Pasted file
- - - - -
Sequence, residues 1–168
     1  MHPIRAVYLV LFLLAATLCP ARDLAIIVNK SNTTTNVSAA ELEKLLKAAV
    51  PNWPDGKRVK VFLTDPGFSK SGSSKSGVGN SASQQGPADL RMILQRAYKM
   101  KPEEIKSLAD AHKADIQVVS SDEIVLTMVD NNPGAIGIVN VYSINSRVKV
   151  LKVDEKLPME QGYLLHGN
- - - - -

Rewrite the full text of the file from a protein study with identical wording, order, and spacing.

Sequence, residues 1–168
     1  MHPIRAVYLV LFLLAATLCP ARDLAIIVNK SNTTTNVSAA ELEKLLKAAV
    51  PNWPDGKRVK VFLTDPGFSK SGSSKSGVGN SASQQGPADL RMILQRAYKM
   101  KPEEIKSLAD AHKADIQVVS SDEIVLTMVD NNPGAIGIVN VYSINSRVKV
   151  LKVDEKLPME QGYLLHGN